Church that gave back during Henryville recovery gets repairs - 13 WTHR Indianapolis

Church that gave back during Henryville recovery gets repairs

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People huddled in the basement of St. Francis Xavier during the March 2nd tornadoes. People huddled in the basement of St. Francis Xavier during the March 2nd tornadoes.
The building shielded many from the violent damage outside. The building shielded many from the violent damage outside.
Work crews are fixing the roof and the tower outside, shoring up support beams on the inside, and rehabbing the cross and steeple, which became beacons in the storm. Work crews are fixing the roof and the tower outside, shoring up support beams on the inside, and rehabbing the cross and steeple, which became beacons in the storm.
The church also purchased two nearby properties. The church also purchased two nearby properties.
HENRYVILLE -

The church that served as a hub to help southern Indiana tornado victims is finally getting its own much-needed repairs.

St. Francis Xavier Catholic Church is also expanding to help people still recovering from the storm.

After the tornadoes hit Henryville, St. Francis Xavier was one of the few buildings still standing. What became a shelter for survivors, providing sanctuary from the storm, is now being rebuilt.

"The tornado, when it came through, just peeled that (portion of the roof) off entirely," explained Father Steve Schaftlein. "It could have very easily been total destruction."

The $250,000 job, being paid for by insurance and donations for the deductible, will restore damage to the 85-year-old church.

"They've restored the secondary roof we had put on and above that you can see the blue tarps that were put there right after the tornado," Father Steve said.

People huddled in the basement of St. Francis Xavier during the March 2nd tornadoes.

The building shielded many from the violent damage outside.

Then the church quickly became the focal point for volunteers, supplies and food for families in need.

"There was constant stuff coming in, constant people going out. But all that happened spontaneously was the beauty of it," Father Steve said.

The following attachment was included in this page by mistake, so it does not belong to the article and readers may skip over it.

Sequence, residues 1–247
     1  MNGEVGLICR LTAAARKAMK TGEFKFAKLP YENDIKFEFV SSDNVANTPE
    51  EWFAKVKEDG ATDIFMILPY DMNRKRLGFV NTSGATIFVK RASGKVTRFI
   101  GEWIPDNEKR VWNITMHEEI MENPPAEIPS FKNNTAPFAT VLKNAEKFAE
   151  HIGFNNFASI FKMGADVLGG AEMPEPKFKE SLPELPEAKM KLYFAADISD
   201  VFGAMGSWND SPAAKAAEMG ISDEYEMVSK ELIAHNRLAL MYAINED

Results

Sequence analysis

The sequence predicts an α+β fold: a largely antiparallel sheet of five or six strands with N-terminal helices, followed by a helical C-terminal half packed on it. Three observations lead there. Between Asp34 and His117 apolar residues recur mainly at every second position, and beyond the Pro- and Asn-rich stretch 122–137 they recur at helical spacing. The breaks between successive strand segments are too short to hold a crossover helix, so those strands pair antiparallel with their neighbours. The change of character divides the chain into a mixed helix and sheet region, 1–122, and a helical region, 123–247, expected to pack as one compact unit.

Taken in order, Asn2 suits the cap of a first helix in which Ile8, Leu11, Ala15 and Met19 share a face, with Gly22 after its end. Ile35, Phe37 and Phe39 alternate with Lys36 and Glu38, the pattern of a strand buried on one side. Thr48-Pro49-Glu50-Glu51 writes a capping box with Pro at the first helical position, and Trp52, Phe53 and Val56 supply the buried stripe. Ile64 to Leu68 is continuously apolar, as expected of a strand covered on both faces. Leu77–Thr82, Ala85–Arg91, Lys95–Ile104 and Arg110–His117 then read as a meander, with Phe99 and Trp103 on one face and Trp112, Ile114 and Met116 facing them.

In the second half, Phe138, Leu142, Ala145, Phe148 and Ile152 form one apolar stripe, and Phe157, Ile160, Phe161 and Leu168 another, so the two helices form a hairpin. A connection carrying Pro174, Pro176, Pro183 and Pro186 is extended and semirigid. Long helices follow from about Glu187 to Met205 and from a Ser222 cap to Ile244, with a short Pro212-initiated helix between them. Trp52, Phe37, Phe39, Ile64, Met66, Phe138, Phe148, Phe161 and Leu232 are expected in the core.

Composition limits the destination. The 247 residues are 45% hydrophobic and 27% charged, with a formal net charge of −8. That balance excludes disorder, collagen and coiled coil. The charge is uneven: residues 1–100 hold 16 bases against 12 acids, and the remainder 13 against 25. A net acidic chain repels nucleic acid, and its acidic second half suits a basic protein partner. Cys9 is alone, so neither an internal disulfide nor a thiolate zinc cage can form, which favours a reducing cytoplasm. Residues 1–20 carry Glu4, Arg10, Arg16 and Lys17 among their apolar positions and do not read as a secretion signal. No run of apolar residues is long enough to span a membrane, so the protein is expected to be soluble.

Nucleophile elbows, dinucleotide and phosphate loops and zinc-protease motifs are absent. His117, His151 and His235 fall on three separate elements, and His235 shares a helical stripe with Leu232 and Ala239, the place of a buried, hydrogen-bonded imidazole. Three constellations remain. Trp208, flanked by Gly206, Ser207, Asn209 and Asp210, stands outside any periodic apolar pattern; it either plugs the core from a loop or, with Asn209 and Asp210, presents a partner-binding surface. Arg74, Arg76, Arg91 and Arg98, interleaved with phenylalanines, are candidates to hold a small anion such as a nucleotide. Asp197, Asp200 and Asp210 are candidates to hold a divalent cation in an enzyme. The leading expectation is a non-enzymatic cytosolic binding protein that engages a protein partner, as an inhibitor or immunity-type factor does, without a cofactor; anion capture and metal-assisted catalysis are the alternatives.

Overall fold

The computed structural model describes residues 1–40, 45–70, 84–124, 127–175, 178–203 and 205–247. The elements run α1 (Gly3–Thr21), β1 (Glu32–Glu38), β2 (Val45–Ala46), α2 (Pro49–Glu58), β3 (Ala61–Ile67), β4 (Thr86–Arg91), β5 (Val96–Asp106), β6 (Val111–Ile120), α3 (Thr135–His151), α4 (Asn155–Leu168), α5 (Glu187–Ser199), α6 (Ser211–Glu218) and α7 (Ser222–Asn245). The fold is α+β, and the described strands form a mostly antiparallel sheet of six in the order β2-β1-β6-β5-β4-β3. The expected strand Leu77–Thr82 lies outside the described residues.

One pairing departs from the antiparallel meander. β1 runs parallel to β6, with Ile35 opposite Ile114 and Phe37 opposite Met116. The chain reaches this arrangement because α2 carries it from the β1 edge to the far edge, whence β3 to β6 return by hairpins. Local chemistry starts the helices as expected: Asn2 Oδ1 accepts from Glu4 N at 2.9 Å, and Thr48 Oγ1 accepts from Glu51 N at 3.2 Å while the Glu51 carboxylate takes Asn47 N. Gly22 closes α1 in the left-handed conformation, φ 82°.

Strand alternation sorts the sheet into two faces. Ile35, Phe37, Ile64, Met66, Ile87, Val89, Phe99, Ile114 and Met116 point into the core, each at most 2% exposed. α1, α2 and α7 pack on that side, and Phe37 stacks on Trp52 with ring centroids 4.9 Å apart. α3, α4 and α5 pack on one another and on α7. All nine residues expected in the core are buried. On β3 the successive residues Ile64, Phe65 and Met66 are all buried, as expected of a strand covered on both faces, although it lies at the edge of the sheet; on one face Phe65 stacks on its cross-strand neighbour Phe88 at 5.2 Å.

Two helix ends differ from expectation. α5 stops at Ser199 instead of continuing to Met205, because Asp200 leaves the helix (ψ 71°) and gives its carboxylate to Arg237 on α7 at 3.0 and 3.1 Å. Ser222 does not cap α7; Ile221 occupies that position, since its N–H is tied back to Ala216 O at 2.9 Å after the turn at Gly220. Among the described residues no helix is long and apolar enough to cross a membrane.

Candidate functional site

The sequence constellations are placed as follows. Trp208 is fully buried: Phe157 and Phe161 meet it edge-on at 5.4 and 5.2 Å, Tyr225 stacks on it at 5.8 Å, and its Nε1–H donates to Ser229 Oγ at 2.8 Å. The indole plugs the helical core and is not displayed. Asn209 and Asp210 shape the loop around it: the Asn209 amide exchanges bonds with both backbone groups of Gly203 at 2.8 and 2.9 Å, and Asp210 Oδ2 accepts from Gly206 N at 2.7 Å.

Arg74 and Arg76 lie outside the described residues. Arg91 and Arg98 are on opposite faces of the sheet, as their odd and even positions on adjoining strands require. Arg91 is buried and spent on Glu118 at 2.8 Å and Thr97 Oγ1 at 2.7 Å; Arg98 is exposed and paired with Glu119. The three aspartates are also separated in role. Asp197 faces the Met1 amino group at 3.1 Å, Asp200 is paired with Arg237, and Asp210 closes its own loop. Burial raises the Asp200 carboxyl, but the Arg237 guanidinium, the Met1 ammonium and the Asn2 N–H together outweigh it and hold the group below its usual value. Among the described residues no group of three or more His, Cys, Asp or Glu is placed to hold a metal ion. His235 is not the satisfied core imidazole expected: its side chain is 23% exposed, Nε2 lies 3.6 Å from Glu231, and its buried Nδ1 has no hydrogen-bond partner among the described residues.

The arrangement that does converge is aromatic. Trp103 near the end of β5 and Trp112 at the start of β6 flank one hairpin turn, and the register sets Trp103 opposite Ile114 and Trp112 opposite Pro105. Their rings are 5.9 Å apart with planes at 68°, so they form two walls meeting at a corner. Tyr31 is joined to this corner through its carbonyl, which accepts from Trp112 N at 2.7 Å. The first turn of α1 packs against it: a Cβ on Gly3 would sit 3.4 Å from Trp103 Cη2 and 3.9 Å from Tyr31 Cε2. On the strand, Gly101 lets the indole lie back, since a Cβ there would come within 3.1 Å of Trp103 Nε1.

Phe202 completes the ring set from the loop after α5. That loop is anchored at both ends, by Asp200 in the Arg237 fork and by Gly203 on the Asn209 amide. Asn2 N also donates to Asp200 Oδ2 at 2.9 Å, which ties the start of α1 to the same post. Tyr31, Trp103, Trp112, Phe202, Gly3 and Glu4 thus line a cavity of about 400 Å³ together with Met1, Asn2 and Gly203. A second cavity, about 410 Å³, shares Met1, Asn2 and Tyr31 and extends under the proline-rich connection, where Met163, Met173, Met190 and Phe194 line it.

Now the beauty of this church is coming back to life, too.

Work crews are fixing the roof and the tower outside, shoring up support beams on the inside, and rehabbing the cross and steeple, which became beacons in the storm.

"The cross is battered and shaken, but it's still there," Father Steve said. "So again, it's a sign of hope for us."

The church also purchased two nearby properties from homeowner Betty Carver, whose houses were heavily damaged by the tornado.

Teams of volunteers are making one home into classrooms and a church office for the long-term.

In the short-term, it will become a recovery center for the nonprofit group, "March2Recovery".

That's where survivors in all three southern Indiana counties affected by the storm, will be able to get assistance.

Church leaders say they now have a clearer mission, not despite the damage, but because of it: a mission to help Henryville heal.

"It's just the continued witness of the people coming in to help and the folks who are persevering," Father Steve explained. "You really see the faith of the other people there."

Construction on the church and recovery center is expected to be complete in the next few weeks. Father Steve says the larger effort to rebuild the town likely will take another three years.

The church welcomes donations to help storm survivors.

They can be sent to St. Francis Xavier Catholic Church in Henryville, with "tornado recovery" in the memo. Father Steve says that money will go directly to victims in need.

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